Eddie Howe grimaced as he climbed out of his seat at Newcastle’s pre-match press conference, explaining that a bad back was troubling him ahead of the club’s season opener against Nottingham Forest.
Contrary to what it might feel like at times for Newcastle’s dynamic, meticulous manager, it was not sustained carrying the weight of expectation of a city that has rediscovered its reasons to believe in the last ten months.
If Newcastle’s controversial takeover back in October fired up a city which had fallen out of love with its club, Howe was the man able to provide substance behind the Saudi Arabians’ sales pitch. Re-establishing a culture of improvement at the club almost immediately, Howe was able to extract remarkable developments from players who had floundered under his predecessor Steve Bruce, and Newcastle finished the season boasting the best form of any team outside the imperious top two.
The revolution was one of mindset as much as it was playing style: Newcastle began to play a more expansive, possession-based game and the support was incredible. Tifosi-style flag displays reflected an enthusiasm which reached its peak when Arsenal were blown away in last season’s final game. The Premier League stood up to take notice.
But now the question is: how far can a Newcastle team which has only been marginally improved this summer really go?
The belief on Tyneside is that Howe’s methods and the group he has assembled with some sensible investment in the transfer market will continue to improve. But there is no consensus around how far they can dash up the league. A push for Europa League qualification? It’s possible. Another mid-table finish? Some would accept that if you threw in a cup run. For others, muscling into the group that includes West Ham, Wolves, Leicester and a troubled Manchester United is a must this season.
The boss, sensibly, is not putting a public target on the expectation. But it was a marked change of approach to hearing a Newcastle manager on the eve of a new season talking about winning something rather than simply consolidating.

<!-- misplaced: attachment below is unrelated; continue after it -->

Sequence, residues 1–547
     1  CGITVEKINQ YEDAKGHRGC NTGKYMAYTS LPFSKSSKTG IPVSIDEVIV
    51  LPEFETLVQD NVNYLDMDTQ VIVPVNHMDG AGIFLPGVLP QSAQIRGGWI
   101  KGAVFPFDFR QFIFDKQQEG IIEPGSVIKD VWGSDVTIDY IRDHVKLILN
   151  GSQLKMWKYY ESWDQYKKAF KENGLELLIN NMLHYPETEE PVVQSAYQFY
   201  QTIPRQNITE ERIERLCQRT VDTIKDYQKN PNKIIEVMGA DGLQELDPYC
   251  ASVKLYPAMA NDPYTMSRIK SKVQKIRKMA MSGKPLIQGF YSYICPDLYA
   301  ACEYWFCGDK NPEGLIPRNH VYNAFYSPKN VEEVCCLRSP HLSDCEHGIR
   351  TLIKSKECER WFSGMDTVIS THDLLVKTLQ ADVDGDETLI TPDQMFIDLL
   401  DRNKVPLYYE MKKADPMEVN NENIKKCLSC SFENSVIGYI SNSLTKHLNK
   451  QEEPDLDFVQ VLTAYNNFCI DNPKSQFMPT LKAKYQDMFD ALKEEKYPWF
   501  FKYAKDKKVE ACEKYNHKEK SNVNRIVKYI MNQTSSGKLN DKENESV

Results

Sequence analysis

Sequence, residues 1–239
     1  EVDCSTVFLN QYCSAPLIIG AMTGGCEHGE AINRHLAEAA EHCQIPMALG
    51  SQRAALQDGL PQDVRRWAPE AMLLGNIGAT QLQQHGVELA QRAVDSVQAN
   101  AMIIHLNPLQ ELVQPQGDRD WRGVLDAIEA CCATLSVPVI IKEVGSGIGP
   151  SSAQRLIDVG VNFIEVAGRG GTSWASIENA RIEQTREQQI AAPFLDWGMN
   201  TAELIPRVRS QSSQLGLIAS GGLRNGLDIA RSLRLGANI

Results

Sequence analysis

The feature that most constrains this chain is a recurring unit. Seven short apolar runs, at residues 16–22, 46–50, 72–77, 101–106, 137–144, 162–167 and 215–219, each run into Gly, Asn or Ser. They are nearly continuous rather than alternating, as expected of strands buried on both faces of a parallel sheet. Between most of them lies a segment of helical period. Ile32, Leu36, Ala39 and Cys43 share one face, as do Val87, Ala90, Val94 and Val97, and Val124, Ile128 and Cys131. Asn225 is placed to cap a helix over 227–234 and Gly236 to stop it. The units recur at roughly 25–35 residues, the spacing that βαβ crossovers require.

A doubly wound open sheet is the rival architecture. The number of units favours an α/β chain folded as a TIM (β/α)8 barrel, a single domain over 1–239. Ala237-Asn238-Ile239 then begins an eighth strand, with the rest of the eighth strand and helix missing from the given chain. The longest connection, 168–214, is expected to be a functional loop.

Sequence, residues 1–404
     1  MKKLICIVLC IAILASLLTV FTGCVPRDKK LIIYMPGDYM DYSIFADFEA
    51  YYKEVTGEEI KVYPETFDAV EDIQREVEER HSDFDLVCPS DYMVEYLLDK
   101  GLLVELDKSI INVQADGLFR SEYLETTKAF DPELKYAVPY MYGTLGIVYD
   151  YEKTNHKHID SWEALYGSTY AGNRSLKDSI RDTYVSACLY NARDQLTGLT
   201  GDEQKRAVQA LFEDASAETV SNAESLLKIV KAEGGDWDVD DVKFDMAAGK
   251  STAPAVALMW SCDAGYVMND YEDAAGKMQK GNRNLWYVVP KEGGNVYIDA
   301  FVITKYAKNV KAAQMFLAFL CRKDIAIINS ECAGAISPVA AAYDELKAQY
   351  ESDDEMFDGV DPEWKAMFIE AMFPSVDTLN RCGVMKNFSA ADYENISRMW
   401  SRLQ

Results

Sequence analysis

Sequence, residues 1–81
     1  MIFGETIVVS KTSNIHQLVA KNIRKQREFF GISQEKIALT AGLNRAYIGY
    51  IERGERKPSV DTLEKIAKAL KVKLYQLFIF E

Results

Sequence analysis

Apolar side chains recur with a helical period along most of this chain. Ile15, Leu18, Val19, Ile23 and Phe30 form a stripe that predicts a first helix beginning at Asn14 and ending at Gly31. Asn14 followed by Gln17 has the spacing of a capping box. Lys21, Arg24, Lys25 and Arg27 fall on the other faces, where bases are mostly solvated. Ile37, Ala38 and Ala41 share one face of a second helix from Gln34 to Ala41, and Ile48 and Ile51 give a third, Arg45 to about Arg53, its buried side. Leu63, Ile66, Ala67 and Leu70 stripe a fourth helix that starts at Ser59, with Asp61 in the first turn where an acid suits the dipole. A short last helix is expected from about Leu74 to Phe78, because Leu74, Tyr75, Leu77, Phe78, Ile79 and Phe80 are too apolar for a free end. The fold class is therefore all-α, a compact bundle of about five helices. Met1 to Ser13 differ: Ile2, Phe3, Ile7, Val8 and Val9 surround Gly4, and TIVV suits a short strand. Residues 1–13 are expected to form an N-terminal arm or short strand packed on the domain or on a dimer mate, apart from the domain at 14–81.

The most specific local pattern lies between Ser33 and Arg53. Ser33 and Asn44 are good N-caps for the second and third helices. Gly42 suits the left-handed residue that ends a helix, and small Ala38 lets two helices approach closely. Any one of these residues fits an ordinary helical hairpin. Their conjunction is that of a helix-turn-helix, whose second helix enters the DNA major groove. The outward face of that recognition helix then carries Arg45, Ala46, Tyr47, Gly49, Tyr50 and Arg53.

“We would love to achieve [a trophy] for everyone connected with the team – whether that is this season or beyond,” Howe said. That sort of language had been an anathema in previous pre-seasons, it was put to him.
“If I sat here and said I didn’t want to win a trophy there would be something wrong with me. That is my dream, to win silverware. I have to dream big on behalf of the club. It is not saying we will do it, [just] it is my dream. We have to work to do it and I push the staff and players to try to make that dream a reality.”
Howe is not a social animal – preferring to walk his beloved dogs on the Town Moor in the small hours rather than making the most of Newcastle’s famous hospitality – but even he has sensed the excitement that surrounds a new campaign.
His car pulled into the training ground at 6.15am on Thursday – a quarter of an hour later than usual, he stressed – to be greeted by a clutch of Newcastle fans seeking autographs. When he left 14 hours later, there was still a smattering of supporters lining the road into a facility that currently resembles a building site.
“I can generally feel the positive energy at the moment, a positive vibe. I’ve had supporters stop me at quarter-past-six every morning this week. That’s incredible and they’re staying ’til late. It shows their positivity, energy and enthusiasm for the club.”
The truth is, we’re still in the embryonic stages of Newcastle’s new era and it has been a surprisingly sober start for the Saudi-financed ownership group. PIF have maintained a very low profile amid the valid accusations of sportswashing. Investment has been fairly restrained – sticking to an original plan of £50million per transfer window – and the club are at pains to point out that their scope for further funding is constrained by Financial Fair Play regulations.
Instead they have concentrated on laying foundations. Director of football Dan Ashworth – yet to speak in great detail publicly – brings a wealth of knowledge and contacts while new CEO Darren Eales will join later this month from Atlanta United in the MLS. Internal recruitment in medical, sports science, scouting, Academy, commercial and media roles has gone hand in hand with a training ground upgrade that was sorely needed.
On-the-field Newcastle have a good first XI but they are vulnerable to an injury to Callum Wilson, which is why the club need to sign both a striker and right-sided attacking midfielder. Miguel Almiron – mocked by Jack Grealish in a boozy end of season faux pas as he partied after Manchester City’s title win – has been the most impressive pre-season performer. Youngster Elliot Anderson is one to watch while the mercurial Allan Saint-Maximin has plenty to prove.
It will not be a great leap into top four contention but back Newcastle, driven on by a reinvigorated support, to maintain their steady improvement as they plot a course back towards being competitive at the top level.